Intermittent Fasting And Muscle Loss – Lists Of Keto Foods

fasting and muscle loss: In the fitness industry, more than just any industry that comes to mind, extremism is the norm. What is the status quo today is trash tomorrow, and vice versa it will become the status quo. I talked about this in my article “Diabetes and fat loss”, but it applies to elevators, behaviors as well as nutrients.

Think about it: 10 years ago, bodybuilders avoided large lifts for squats, benches, and a deadly lift. Now it seems that every major bodybuilder is using a DUP template for squat, seats, and lethal lift. Not to say that there is a problem with this approach; I am a fan of the three big lifts.

Tables of food are definitely subject to these epic mood swings as well. A decade ago, bodybuilding logic used to eat everyone in the gym every 2-3 hours to “ignite metabolism” and stay energized. Today, the gym refuses to talk about not eating for 16-20 hours continuously, which is known as “intermittent fasting.”

Each of these camps has its strict followers, and I’m not here to say that one is always right or the other is dead. But let’s check the logic behind both of them so we can figure out what’s best for you.

The old Way: Eat, Eat, Eat

Let’s start by looking at the old “eat every 2-3 hours” method, especially her claims about metabolic rate first. Countless experts have suggested over the years that eating more frequently will improve your overall metabolic rate. While I will admit that logic sounds good at first, it does not seem to have withstood the sunflower test of scientific evidence.

In practice, each study that examined the frequency of the meal in the last meta-analysis showed zero differences in fat loss when calories were controlled. Surprisingly, there did not appear to be any differences in the signs of hunger with changes in the frequency of the meal, and the metabolic rate was not affected by the frequency of the meal.

This may sound blasphemy for religious followers of Mantra 6-8 meals a day, but it’s hard to discuss the data. However, it should be noted that this is related to fat loss. When strength and muscle gains are the goals, three square meals a day may not provide enough protein distribution.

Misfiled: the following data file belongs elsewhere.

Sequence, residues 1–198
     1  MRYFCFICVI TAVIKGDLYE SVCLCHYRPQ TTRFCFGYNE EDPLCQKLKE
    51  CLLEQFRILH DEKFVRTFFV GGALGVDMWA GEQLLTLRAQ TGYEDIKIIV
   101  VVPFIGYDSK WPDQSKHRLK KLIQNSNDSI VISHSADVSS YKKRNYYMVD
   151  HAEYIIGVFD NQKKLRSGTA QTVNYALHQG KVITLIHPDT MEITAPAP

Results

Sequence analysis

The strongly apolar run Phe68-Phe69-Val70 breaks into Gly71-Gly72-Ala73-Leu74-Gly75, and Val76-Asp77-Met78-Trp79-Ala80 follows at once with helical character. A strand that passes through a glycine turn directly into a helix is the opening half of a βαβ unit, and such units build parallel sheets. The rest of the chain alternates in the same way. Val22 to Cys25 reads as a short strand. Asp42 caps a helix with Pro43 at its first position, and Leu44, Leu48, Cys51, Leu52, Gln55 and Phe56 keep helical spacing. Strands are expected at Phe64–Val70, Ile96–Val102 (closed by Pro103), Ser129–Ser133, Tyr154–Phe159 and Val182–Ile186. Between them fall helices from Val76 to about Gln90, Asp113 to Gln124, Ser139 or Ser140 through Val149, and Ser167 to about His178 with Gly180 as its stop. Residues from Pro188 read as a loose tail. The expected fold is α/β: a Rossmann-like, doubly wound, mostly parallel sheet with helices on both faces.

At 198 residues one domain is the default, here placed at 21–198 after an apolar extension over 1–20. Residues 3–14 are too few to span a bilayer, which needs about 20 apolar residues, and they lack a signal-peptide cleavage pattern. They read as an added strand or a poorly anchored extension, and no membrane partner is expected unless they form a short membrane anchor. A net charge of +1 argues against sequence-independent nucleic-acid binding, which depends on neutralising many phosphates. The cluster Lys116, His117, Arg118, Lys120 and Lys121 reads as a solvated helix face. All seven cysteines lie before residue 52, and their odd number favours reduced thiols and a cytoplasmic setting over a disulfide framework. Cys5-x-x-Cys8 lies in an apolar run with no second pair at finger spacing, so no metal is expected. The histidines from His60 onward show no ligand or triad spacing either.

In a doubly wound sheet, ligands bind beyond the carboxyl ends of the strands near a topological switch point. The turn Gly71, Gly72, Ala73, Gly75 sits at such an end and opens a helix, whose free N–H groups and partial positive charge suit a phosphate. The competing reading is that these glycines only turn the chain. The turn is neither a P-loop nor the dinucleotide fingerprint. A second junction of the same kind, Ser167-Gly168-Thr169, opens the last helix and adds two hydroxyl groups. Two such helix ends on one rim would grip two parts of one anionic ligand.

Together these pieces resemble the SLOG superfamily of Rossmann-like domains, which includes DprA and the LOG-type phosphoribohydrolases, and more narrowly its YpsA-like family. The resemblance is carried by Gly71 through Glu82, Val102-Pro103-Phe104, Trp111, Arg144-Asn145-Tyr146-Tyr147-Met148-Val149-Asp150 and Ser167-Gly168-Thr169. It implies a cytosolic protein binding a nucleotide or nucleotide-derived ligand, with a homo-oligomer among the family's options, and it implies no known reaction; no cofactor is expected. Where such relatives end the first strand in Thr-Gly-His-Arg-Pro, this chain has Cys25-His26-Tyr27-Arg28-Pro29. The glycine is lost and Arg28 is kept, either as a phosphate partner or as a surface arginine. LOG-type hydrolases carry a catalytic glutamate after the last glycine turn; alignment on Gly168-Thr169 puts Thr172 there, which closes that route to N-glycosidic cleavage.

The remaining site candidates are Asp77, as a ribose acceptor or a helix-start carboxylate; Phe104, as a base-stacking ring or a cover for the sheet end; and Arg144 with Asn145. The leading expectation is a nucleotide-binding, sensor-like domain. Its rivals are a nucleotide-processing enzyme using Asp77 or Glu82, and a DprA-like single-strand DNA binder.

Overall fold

That’s why, on the PH3 Power and Hypertrophy program, I advocate 4-5 protein-rich meals a day, depending on your personal preferences. In any case, you will leave massive amounts of protein in individual meals, which as I will discuss later, is not a good idea either.

fasting and muscle loss
fasting and muscle loss

The New Way: Fast, Then Feast

So if eight meals are off the table, that automatically means that you have to do intermittent fasting, right? Maybe – but maybe not.

The most important factor for long-term success in the diet is not when you eat; It is an obligation. That’s right: people don’t fail on diets because they don’t have the perfect frequency for meals, food sources, or magic voodoo cleanups; They fail the diet because they simply cannot stick to it.

Research data shows that among people who have lost a significant amount of weight, the majority of them will regain the weight they originally lost, and after five years, they often exceed their initial weight. [3.4] This is a big problem, and to solve it, the focus should be on using strategies that improve dietary commitment.

Thus, if intermittent fasting allows a person to put a better diet in their lifestyle and stick to this diet, then this is a good enough argument for me – at least as far as that person is concerned. I knew many people who were able to fast certain parts of the day, because of the lack of hunger in those times, or simply because they had very busy jobs and that the way of eating fit their lifestyle better.